HaileISela
03-06-2009, 04:26 AM
+10 rep from me, good job man!

buddhuu
03-06-2009, 06:25 AM
Thanks very much, HaileISela. :)

broadside
03-06-2009, 07:50 AM
thanks for the advice. i had a feeling it'd be my bridge. where can i buy one from? ill search it up now. my C string lets off a weird buzzing sound when especially when playiong the g7 chord

cpatch
03-06-2009, 08:15 AM
The simplest cure for buzzing on string instruments is to play sober.

Hippie Guy
03-06-2009, 05:57 PM
The screw-on endpin cap can be loose and vibrate. It's a buzz that has gotten overlooked by me on more than one occasion. Just tighten it up!

PoisonDart
03-12-2009, 02:44 PM
I blame reading this thread for my newly acquired second string second fret buzz.

At least now i know what to do about it.

Take it to someone who knows what they are doing and play my concert in the meantime!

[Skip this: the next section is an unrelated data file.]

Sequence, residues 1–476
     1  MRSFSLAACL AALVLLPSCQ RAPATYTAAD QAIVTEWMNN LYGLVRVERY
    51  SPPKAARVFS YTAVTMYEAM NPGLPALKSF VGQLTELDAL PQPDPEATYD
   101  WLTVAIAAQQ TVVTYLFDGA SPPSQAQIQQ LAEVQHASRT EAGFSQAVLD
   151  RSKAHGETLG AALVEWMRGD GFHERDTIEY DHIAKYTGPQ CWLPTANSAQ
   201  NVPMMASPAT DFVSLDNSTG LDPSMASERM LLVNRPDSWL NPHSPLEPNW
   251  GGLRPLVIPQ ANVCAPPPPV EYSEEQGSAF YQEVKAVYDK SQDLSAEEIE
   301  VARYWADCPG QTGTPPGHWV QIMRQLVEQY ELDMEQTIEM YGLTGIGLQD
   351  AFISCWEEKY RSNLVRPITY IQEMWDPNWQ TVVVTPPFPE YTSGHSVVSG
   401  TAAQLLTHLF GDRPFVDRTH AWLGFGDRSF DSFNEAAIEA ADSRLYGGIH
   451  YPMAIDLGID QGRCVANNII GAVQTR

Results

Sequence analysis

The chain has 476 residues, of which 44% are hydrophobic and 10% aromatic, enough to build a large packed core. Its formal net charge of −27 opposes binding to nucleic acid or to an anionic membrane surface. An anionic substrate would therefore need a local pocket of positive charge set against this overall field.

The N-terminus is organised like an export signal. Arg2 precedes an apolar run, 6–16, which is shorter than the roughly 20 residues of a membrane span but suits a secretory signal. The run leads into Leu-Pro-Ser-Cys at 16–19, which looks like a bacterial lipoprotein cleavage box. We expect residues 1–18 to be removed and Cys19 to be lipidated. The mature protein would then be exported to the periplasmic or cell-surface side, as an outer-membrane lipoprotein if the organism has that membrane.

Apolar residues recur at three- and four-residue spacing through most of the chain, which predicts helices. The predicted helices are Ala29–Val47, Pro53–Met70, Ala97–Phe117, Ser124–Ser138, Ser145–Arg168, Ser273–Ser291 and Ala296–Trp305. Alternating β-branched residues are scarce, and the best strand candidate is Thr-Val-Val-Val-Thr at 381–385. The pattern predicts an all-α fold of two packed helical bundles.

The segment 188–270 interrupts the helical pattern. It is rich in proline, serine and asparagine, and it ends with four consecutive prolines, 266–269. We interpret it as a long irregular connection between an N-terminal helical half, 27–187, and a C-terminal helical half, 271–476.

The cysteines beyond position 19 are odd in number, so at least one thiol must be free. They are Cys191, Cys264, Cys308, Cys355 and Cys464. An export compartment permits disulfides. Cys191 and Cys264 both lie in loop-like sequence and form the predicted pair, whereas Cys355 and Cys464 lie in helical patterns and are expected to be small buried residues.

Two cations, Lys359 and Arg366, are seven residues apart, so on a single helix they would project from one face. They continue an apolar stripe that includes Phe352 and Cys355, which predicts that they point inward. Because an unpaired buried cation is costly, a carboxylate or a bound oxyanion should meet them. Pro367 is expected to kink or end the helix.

MGM
03-12-2009, 07:38 PM
Great observations but also missed one important thing .....Try new strings first. I have fret dressed checked nuts tuners pickups braces and watsed hours of time trying to locate a buzz only to just change the string and PRESTO no BUZZ......Strings are not perfect especially in the nylon flouro nylgut type and some just dont vibrate and swing arc correctly....Change strings first then seek out all other options...I change about 30 sets of ukulele strings a day and invariably I will find one or two just bad strings straight from a new pack....this happens to all and every brand

buddhuu
03-13-2009, 05:00 AM